We’re constantly improving the Re:infer Conversational Data Intelligence platform, extending its capabilities and making it easier to use across the enterprise.
Take a look at some of our biggest launches and improvements from the last quarter…
Quality of Service
This quarter, we were very proud to launch our new platform extension - Quality of Service. Building off our recent work on tone analysis, Quality of Service gives our customers the power to quantify, analyse and improve the service they deliver - with unprecedented accuracy and insight into customer intents.
Re:infer Quality of Service provides businesses with complete real-time visibility into service levels and the capabilities to extract sentiment and emotion data from service conversations en masse.
Unlike simplistic sentiment or effort analysis, the Quality of Service Score factors in sentiment, phrasing and intent - making Quality of Service signals hyper-relevant to the business context in which they are deployed.
New Validation Dropdown and Starred Models
We've updated our model Validation functionality with a new and improved dropdown menu, helping users find the models they are looking for faster.
The new dropdown lets you see all validation scores on a given dataset, rather than just pinned models. You can also prioritise or 'star' them so that they appear at the top of the list in future.
We have created headings for 'All' and 'Recent' models as well, for faster and easier navigation.
Improved Calls and Chats UI
We have greatly enhanced our user interface for viewing calls and chats in the platform.
When listening to calls in Re:infer, the conversation will scroll automatically so you can easily follow the chat. Users can also take direct control of the scrolling as preferred.
We’ve implemented a new audio control button that lets users skip to the next speaker or chat in the conversation. Clicking on a speaker’s name will also immediately jump to their turn in the conversation and start playing their audio.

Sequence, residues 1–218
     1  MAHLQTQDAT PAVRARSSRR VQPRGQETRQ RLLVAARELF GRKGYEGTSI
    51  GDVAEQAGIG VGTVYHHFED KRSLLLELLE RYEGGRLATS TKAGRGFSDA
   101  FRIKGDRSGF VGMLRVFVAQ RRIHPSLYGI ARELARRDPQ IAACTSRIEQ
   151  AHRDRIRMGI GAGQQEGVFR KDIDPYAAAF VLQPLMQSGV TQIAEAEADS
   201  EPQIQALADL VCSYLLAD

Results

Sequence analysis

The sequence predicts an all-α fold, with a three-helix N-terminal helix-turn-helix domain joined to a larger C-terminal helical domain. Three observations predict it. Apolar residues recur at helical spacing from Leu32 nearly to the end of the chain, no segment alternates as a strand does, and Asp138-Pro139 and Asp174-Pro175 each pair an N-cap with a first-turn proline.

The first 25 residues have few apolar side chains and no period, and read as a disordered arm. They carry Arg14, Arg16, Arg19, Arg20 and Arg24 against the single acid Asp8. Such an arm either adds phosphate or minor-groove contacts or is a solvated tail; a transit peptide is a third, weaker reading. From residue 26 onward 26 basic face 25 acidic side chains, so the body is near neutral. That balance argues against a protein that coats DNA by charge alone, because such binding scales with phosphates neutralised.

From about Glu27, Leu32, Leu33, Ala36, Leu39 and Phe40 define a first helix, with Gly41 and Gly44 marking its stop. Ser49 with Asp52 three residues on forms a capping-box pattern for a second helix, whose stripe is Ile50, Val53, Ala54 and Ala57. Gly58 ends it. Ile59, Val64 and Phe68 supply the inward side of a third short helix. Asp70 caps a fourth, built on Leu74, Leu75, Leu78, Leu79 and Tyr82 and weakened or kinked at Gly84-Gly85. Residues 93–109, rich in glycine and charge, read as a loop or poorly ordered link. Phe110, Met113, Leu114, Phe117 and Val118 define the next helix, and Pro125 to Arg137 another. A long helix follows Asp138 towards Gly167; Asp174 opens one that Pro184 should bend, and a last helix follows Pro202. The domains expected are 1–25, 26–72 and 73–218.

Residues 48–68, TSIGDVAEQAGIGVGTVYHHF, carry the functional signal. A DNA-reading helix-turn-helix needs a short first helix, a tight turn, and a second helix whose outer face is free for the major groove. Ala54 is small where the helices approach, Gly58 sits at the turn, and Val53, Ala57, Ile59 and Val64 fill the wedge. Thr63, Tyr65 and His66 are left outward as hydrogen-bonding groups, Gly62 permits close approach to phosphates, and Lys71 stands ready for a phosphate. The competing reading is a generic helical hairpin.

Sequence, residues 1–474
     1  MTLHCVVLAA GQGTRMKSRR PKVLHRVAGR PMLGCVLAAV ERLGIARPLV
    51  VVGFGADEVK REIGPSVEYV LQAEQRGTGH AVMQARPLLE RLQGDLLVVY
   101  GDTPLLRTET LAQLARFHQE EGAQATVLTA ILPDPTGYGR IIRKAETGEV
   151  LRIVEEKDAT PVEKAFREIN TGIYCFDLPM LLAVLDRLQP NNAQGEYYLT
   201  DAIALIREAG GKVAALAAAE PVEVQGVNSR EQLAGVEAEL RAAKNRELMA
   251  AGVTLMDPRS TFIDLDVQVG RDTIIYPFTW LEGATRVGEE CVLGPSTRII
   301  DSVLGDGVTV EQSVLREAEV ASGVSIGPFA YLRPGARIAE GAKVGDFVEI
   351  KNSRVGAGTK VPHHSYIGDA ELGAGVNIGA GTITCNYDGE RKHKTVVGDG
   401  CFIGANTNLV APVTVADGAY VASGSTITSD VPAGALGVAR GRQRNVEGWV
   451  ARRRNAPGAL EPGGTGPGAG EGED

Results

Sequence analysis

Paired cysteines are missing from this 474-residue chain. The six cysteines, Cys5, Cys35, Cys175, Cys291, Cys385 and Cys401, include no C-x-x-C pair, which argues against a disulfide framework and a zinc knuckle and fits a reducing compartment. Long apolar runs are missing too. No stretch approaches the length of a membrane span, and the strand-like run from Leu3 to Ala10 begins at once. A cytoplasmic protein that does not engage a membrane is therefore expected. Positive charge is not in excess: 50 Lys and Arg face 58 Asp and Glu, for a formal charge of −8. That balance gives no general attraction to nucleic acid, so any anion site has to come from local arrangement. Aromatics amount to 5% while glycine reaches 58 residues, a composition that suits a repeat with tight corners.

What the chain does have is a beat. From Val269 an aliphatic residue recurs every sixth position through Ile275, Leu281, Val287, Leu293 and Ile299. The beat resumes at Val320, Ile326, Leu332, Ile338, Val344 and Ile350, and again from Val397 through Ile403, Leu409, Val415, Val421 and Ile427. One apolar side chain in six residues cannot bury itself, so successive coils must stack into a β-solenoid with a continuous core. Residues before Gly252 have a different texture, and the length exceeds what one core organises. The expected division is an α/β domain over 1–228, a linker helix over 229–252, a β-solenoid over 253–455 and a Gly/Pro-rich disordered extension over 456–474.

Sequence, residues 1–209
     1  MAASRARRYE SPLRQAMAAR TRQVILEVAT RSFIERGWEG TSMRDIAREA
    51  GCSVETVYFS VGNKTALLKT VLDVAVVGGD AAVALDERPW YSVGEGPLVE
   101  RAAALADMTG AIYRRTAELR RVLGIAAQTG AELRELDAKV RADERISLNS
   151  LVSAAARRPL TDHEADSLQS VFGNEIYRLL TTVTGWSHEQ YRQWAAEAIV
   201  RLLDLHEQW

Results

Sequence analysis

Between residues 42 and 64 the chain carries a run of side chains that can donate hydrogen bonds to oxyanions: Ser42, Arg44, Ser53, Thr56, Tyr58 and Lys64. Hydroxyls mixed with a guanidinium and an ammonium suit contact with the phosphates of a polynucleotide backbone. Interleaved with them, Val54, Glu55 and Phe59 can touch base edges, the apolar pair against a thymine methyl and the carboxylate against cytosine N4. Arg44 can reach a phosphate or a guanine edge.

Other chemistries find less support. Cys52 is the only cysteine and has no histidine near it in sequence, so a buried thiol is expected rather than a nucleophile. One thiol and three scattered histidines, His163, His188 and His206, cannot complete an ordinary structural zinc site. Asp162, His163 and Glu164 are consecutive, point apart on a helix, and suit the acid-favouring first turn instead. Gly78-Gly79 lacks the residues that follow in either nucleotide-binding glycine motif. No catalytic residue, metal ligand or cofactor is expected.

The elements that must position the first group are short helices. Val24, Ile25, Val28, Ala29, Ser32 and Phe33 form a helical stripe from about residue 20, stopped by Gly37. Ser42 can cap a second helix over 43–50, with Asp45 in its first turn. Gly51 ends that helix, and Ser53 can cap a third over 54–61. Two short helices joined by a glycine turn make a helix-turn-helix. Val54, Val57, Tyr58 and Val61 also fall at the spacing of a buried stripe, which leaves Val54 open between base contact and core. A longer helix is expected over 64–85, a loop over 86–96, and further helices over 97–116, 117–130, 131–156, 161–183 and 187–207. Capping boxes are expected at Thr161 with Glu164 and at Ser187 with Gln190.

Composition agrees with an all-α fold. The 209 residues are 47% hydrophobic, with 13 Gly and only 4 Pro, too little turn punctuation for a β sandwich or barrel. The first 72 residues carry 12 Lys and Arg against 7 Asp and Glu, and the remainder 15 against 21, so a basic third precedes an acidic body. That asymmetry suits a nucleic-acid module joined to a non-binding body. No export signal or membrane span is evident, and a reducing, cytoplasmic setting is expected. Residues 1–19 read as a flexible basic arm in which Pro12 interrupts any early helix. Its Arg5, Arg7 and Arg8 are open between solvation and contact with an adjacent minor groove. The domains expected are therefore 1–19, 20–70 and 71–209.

When labelling a comment in chats or calls, Re:infer now automatically marks the previous one as ‘uninformative’. We also allow users to explicitly mark comments as uninformative while they label. This means Re:infer will not try to use these for training.
Thread-aware Labeller for Chats & Calls
Re:infer supports a wide range of different message types and communications. However, we wanted to improve the platform’s accuracy and ability to make more granular predictions for calls and chats.
Phone calls and chat exchanges are broken up into ‘turns’, in which a different speaker has their turn to speak in the conversation. To provide predictions for each turn, we had to treat each turn in the conversation as if it was its own unique message (or ‘verbatim’). However a single turn in a chat often doesn't make sense when taken without its context.
We therefore worked hard this quarter to modify the platform’s labeller - enabling it to analyse and extract context from the previous verbatims that are in the same chat when trying to predict labels.
Re:infer’s new labeller is now capable of analysing the previous five turns in a chat or call when it tries to decide whether a label applies or not. This work has made the platform better than ever for chats and phone calls - able to extract valuable insights from every relevant turn in the conversation.
Editable Label Description Fields
When Re:infer users create labels for their messages these are saved in the Settings menu in a collection known as a taxonomy. Now users can add additional context and explanation to their labels through editable description fields.
This is a great feature for teams working together to label a dataset, helping them understand what each other’s labels mean. The descriptions are also a useful reminder for people labelling alone.
Work in progress
This isn’t the last time we’ll be improving Quality of Service. Currently, we’re building an Alerts feature for the new platform extension. This will allow users to create their own customised alerts when an event happens - such as when service quality falls below a chosen acceptable level. As part of this, we’re creating an Alerts user interface that will allow users to see and respond to alerts and notifications as they happen.